TEC Canada is pleased to provide the Andersen Monthly Economic Report exclusively to our members. The former assistant chief of the Bank of Canada’s research department, Dr. Peter Andersen provides valuable economic insight to help you make better business decisions.

The next recession is forecasted for late 2021 and is expected to last longer than previous ones. The U.S. economy is still going strong, thanks to a third consecutive month of rising consumer sentiment; however the trade war with China should be watched closely as it is the key to next year’s interest rates. The global economic outlook is less promising – Brazil and Italy fell into outright recessions and the volume of world trade declined. Though the Canadian economy is growing at a slow 1% annualized rate, the construction sector and record-high immigration rates provide optimism; respectively, these lead to low mortgage rates and a boost to the working age population.


  • A healthy job market and upturn in the housing sector will keep the Bank of Canada from cutting its policy interest rates on December 4.
  • Immigration is exceptionally strong – Canada’s population growth grew 1.4% over the last 12 months – the strongest by far in the G7. Population surges have important implications for provincial economic trends and regional Canadian housing markets.
  • Business investment still slumping as a result of continuing declines in the energy sector; both investment and exports are experiencing quarterly declines. Additionally, after adjusting for price increases, retail sales performance is mediocre.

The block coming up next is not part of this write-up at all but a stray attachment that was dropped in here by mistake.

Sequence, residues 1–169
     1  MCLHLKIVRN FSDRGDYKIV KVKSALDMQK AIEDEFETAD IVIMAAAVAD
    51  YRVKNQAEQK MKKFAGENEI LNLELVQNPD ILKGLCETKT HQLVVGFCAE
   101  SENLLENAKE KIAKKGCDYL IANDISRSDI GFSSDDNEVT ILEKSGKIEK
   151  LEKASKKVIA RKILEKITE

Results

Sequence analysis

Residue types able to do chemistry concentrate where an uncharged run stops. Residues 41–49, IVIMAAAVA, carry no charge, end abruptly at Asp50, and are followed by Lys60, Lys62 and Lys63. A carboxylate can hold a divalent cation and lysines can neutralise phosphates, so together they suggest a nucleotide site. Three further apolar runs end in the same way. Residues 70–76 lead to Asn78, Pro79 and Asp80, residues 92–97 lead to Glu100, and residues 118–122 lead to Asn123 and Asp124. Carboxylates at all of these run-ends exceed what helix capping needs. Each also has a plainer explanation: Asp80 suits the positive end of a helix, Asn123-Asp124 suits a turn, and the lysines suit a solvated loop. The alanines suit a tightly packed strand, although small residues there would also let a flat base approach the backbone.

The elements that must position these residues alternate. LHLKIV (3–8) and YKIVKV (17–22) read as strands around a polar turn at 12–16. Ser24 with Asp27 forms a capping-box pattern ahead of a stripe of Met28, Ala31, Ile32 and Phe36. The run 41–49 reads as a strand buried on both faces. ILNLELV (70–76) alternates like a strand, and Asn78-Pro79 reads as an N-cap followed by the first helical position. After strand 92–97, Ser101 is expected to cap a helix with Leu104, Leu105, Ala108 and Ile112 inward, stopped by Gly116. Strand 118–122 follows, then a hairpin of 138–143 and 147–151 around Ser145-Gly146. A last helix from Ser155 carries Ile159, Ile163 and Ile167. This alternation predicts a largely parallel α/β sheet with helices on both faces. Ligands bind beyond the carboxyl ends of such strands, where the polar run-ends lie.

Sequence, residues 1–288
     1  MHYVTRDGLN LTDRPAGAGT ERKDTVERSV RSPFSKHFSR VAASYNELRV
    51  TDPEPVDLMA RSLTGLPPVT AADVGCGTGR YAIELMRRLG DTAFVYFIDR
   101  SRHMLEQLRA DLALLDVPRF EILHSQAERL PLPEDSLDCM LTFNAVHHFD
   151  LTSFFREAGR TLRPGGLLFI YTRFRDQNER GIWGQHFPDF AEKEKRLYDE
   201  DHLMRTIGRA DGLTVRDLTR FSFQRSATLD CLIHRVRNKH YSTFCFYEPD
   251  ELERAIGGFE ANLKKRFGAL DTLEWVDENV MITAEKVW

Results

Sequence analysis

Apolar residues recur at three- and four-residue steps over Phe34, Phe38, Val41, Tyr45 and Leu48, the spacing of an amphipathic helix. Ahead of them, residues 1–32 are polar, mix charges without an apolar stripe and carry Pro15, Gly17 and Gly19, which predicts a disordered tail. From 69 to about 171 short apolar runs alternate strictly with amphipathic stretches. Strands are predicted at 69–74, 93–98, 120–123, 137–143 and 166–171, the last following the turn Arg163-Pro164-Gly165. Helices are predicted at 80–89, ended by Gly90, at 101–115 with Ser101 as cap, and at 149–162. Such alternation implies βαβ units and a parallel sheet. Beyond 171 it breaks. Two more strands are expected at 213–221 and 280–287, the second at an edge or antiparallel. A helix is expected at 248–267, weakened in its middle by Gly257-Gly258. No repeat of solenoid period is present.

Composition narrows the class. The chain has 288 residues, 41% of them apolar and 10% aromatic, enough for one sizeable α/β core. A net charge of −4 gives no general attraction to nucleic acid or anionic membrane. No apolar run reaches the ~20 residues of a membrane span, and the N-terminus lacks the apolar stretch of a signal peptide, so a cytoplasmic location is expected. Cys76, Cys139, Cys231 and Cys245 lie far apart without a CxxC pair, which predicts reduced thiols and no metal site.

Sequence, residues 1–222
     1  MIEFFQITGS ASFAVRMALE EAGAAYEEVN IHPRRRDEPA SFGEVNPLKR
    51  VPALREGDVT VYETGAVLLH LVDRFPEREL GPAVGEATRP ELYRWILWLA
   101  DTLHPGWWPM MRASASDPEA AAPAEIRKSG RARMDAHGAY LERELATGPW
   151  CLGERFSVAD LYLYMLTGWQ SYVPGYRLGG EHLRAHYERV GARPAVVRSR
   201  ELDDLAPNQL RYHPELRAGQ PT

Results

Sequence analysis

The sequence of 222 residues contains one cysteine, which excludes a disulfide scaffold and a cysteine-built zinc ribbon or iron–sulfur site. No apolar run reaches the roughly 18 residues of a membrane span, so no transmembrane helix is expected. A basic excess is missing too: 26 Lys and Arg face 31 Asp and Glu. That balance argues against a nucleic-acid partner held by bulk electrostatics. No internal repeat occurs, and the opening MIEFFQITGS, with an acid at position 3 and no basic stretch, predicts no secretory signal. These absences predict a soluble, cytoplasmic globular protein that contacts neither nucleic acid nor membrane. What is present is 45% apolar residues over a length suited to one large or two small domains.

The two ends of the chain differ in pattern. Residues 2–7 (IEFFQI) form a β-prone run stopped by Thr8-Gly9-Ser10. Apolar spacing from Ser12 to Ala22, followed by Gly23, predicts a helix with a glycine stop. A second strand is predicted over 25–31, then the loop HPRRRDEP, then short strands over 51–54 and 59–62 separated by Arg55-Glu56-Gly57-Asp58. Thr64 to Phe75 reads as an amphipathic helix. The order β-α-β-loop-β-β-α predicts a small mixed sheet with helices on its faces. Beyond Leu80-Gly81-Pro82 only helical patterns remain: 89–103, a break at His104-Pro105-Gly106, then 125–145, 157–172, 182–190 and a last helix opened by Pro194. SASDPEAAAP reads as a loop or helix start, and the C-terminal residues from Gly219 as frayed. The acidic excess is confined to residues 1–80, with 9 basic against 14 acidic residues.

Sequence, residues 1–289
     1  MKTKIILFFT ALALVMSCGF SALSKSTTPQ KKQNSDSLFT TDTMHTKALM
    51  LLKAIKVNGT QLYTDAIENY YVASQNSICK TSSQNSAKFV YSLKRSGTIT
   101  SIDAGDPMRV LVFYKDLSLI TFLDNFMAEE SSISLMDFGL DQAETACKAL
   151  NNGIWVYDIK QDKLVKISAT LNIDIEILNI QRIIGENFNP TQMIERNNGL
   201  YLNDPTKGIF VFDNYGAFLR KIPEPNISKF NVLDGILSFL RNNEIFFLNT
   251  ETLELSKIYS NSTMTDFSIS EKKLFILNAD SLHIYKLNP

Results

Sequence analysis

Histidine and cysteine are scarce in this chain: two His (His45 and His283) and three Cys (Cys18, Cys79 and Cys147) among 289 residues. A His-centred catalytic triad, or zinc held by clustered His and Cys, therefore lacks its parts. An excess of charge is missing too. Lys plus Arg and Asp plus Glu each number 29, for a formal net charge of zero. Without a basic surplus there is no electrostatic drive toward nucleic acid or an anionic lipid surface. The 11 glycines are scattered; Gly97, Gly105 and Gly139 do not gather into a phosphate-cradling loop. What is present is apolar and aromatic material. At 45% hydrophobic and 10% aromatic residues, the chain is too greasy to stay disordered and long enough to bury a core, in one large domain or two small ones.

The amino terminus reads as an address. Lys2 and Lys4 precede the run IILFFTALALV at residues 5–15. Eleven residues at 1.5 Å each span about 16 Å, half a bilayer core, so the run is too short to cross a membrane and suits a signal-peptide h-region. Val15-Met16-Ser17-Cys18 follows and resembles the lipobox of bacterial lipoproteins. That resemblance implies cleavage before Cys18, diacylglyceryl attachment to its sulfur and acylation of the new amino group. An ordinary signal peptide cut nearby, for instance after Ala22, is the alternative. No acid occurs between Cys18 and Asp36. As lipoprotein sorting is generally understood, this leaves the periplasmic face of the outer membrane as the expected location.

• Personal savings rate continues to rise – up to 8.3% in September compared to 1.7% in Canada.
  • Strongest economic growth in states west of the Mississippi and east of California – Texas (4.7%) and Wyoming (4.2%) show the highest Q/Q growth. The Midwest, North East and East Coast report much slower growth – Michigan and Illinois (1.1%) report some of the slowest growth.
  • Renewed uptrend in crude oil production, leading to higher machinery demand and manufacturing activity. The U.S. exported more total crude oil and petroleum products in October than it imported; this is the first time since 1949.


  • Global business confidence is down sharply – OECD global confidence index plunged to the lowest level in 7 years along with imports to China (manufactured products and raw materials) dropped below 2018 levels.



>Economy Slows in Several Political Swing States
>Highest Population Increase Ever Recorded in Canada
>Global Slowdown Worries

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